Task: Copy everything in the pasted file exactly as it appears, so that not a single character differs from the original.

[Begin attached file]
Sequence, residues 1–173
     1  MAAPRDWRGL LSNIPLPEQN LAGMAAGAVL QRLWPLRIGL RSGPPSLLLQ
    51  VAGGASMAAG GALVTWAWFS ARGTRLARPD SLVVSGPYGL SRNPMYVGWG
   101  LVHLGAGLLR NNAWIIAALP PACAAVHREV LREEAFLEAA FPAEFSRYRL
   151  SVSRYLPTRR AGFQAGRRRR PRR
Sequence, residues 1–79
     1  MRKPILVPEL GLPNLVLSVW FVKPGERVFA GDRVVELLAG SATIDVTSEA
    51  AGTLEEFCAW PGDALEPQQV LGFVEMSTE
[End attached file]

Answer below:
Sequence, residues 1–173
     1  MAAPRDWRGL LSNIPLPEQN LAGMAAGAVL QRLWPLRIGL RSGPPSLLLQ
    51  VAGGASMAAG GALVTWAWFS ARGTRLARPD SLVVSGPYGL SRNPMYVGWG
   101  LVHLGAGLLR NNAWIIAALP PACAAVHREV LREEAFLEAA FPAEFSRYRL
   151  SVSRYLPTRR AGFQAGRRRR PRR
Sequence, residues 1–79
     1  MRKPILVPEL GLPNLVLSVW FVKPGERVFA GDRVVELLAG SATIDVTSEA
    51  AGTLEEFCAW PGDALEPQQV LGFVEMSTE